To cut out the self-judgment and doubt that comes with social media, text messaging can be a valuable alternative. As simple as it sounds, keeping up with your friends and family via text can help you maintain relationships like you would on Facebook — just in an older-fashioned way. A 2022 study published in the Journal of Personality and Social Psychology: Interpersonal Relations and Group Processes indicated that text messages can unlock the enjoyment associated with basic social connection. "Even sending a brief message reaching out to check in on someone, just to say 'Hi,' that you are thinking of them, and to ask how they're doing, can be appreciated more than people think," study author Peggy Liu told The New York Times.

Use email to deepen your connections to others

These days, it's much easier to click a button on a social media platform like Facebook and "add" someone as a connection. This is one of the reasons many people prefer to use social networks to keep up with loved ones — it's quick, easy, and almost effortless. However, there's still something to be said about the value of an older form of communication, such as email. In fact, email — though often viewed as cold and emotionless — can be quite the opposite, according to The Atlantic. Additionally, what you write in an email can help you deepen your connection to the recipient when you take the time to find the right words.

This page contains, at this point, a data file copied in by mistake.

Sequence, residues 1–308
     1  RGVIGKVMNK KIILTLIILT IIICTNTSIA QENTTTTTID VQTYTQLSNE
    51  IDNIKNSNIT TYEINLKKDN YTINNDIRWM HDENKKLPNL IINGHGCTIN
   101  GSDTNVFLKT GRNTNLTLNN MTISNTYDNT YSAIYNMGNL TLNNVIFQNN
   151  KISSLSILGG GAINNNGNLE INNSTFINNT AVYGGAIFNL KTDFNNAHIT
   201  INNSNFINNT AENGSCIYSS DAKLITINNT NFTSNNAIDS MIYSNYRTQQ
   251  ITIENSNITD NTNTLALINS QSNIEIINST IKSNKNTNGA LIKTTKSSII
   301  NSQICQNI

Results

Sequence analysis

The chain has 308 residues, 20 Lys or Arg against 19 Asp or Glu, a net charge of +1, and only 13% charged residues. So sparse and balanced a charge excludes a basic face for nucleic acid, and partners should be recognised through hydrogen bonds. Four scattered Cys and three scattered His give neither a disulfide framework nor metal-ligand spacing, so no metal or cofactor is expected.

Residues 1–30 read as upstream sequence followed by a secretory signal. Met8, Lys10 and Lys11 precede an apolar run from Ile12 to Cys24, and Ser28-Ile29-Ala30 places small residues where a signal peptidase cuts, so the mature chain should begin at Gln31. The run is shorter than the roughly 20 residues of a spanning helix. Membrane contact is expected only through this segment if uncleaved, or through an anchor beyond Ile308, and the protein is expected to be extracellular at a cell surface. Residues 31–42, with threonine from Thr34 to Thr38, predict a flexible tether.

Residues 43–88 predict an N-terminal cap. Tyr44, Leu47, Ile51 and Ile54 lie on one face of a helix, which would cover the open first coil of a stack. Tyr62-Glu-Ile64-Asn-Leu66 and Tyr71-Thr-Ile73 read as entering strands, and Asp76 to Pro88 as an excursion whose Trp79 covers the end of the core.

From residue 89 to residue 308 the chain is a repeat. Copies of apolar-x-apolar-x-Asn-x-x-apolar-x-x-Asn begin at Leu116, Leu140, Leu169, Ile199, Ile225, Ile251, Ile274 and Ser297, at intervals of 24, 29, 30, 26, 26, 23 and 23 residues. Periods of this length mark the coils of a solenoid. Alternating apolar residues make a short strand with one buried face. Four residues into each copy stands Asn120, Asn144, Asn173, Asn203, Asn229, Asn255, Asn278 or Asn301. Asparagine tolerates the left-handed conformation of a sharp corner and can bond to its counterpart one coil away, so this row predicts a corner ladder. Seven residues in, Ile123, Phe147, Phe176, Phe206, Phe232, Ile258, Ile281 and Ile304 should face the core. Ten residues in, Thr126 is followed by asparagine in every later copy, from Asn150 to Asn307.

A 2016 study published in Computers in Human Behavior specifically set out to determine if email created psychophysiological responses in those who wrote them. In the end, the researchers found that writing an email could bring out stronger emotions in people, even compared to leaving a voicemail. Because email presumably requires more thought and its contents can be modified, it has the potential to bring out certain emotions in the writer. "People know it's harder to communicate emotion in email, so as a result [they] have to be a bit more explicit," study author Alan Dennis told The Atlantic. Email may be just the means of communication for you if you're interested in deepening relationships without using social media.

Don't be afraid to make an old-fashioned phone call

Today, our smartphones have become much more than just a tool we use to play a virtual game to kill time. Aside from social media apps like Facebook, we can use our phones to browse the internet, order takeout, and even book a vacation. That being said, some of us forget that one of its core functions can actually be helpful if we're avoiding social media usage — the phone call. As psychologist Dr. Kate Muir explained to Stylist, humans are naturally driven toward rich forms of communication. Although face-to-face interaction is more ideal than a simple voice call, giving someone a ring still has its benefits. "A phone call offers the nearest amount of information to a face-to-face interaction: we can hear when someone is smiling or frowning," Dr. Muir told the publication. "You don't get that on email or instant messenger. It's easy to misinterpret a text message."

Furthermore, while sending a text message may be quicker, experimental psychology professor Charles Spence notes that some aspects of a phone call simply cannot be replaced. "If I hear somebody's voice I know they are a real person, not a bot," Spence told Stylist. "Text and picture communication may be more efficient, but it can also bring distance and a sense of isolation."

Carve out time to see friends in person when possible